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February 18, 2010

Under The Knife

Hitting the Floor

by Will Carroll

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Last year, Kevin Goldstein discussed the magic mark where pitching prospects needed to be to sustain any success in the major leagues. With the advent of PITCHf/x, we're now able to virtually look over the shoulder of scouts and get those radar-gun readings that teams have always had access to, plus location, movement, and more. While scouts had the information, they didn't do a whole lot with it. Fast was good, slow was bad, and in the end, that's really all they cared about. Comparisons were superficial.

That 90.5/50 scale mark was more anecdotal than anything; there's obviously pitchers that have been successful with fastballs that weren't menacing. It's just that they're clearly the exception. Goldstein pointed out that most of the pitchers last season who were living below 90 with any level of success had some gimmick, be it sidearming or showing an angle that most can't do. While it's hard to throw in the 90s, it's harder to grow up to be Chris Young.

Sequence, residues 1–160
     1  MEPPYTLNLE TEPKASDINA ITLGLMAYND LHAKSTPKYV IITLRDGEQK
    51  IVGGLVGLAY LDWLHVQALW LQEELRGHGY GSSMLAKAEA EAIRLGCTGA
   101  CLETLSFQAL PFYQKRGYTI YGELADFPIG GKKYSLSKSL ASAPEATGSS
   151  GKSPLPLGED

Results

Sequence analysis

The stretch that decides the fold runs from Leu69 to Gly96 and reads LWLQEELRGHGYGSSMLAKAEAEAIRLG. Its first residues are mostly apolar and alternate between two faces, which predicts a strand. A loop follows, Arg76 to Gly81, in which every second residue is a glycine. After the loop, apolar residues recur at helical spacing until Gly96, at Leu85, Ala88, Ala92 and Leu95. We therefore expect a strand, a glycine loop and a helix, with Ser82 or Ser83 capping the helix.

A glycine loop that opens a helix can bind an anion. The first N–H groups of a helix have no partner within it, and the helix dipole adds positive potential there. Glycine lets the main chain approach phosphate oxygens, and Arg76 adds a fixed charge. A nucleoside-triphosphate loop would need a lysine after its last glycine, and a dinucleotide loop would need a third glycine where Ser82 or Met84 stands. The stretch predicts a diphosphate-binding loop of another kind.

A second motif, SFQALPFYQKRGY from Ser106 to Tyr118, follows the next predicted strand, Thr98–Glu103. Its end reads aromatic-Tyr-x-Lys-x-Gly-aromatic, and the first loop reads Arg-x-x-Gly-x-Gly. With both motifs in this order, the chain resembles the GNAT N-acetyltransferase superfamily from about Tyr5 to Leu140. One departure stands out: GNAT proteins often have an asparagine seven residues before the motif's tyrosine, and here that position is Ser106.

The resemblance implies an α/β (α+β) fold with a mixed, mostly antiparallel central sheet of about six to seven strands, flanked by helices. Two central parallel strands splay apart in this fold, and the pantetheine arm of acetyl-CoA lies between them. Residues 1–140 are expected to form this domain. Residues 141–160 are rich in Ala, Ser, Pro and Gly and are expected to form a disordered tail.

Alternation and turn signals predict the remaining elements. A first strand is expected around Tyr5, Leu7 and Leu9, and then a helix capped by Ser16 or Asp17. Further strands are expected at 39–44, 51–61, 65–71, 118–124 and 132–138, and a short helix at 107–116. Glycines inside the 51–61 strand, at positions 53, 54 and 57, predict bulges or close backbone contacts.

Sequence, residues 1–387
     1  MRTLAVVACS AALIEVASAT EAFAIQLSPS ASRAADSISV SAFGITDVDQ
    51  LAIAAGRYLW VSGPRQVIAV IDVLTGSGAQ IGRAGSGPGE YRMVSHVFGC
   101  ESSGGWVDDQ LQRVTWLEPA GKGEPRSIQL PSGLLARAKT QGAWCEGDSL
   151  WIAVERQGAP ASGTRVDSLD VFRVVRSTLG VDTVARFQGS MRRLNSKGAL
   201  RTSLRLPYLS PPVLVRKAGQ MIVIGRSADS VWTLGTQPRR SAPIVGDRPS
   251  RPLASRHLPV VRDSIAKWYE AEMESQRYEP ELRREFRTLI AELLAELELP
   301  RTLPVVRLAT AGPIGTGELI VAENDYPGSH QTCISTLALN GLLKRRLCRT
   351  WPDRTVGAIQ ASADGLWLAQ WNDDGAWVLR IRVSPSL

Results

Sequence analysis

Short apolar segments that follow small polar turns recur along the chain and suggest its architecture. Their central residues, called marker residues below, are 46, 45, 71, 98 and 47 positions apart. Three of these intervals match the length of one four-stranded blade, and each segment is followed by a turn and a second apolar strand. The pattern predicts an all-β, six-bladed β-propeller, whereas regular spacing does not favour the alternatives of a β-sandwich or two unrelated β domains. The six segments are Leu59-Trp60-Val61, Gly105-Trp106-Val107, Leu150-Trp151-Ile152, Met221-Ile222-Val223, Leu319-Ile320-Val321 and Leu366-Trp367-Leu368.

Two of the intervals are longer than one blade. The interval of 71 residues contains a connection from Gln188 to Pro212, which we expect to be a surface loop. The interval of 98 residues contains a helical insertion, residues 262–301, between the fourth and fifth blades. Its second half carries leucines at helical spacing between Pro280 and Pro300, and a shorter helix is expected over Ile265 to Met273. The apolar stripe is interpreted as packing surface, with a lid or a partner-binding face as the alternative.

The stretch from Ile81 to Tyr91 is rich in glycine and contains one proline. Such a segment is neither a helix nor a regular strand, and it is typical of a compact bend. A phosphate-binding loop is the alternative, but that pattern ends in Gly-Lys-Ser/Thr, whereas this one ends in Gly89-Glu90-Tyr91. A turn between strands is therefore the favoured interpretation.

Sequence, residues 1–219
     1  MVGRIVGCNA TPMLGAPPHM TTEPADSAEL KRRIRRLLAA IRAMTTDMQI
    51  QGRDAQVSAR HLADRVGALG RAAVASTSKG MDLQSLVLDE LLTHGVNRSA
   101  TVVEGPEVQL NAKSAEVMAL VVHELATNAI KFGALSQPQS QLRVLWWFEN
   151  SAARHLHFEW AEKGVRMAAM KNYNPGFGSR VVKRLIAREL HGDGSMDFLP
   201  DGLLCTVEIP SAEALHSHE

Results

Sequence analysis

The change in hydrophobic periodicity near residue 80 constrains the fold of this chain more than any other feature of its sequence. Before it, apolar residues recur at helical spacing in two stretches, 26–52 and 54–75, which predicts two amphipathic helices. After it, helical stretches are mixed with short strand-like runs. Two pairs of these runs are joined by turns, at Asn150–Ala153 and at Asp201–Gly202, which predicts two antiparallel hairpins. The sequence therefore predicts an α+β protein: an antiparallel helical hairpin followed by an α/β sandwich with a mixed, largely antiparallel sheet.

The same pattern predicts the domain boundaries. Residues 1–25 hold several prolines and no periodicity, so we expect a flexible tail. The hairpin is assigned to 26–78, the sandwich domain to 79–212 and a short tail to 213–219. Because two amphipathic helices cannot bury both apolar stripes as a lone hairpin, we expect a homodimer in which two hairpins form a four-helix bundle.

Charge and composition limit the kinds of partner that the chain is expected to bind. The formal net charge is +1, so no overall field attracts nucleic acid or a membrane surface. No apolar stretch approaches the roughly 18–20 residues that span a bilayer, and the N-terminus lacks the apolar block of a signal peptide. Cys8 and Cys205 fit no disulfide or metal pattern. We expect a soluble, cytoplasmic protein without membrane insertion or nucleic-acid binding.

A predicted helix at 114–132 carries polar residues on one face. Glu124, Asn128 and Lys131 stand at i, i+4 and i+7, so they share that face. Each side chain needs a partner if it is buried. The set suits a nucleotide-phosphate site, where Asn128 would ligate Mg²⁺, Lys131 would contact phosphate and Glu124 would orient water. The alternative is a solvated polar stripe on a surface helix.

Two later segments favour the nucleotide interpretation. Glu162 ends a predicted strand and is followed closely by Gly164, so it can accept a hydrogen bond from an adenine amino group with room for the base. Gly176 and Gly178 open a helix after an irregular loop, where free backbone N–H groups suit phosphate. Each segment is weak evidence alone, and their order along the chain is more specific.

A recent piece at FanGraphs was pointed out to me, discussing which pitchers had lost the most off their fastballs. Putting that idea together with what Kevin had put in my head, I wondered if that velocity floor was an absolute and whether pitchers who started above it, but dropped below it would have problems.

I got with Eric Seidman, one of our sharp knives, and he did a little data dissection. I asked him to take a look and see if there was any way to tell whether a pitcher's game-to-game or even in-game loss of velocity resulted in a noticeable pattern. I tried to keep it simple and just looked for pitchers who had an average velocity over 91 mph who then went to 89 mph or below their next time out. It was easier to go from game to game, so Eric looked at results in terms of the game's score. The entire look at this isn't very deep, but remember, I wasn't trying to do anything more than see if there was any kind of pattern. Here's the answer in handy spreadsheet form.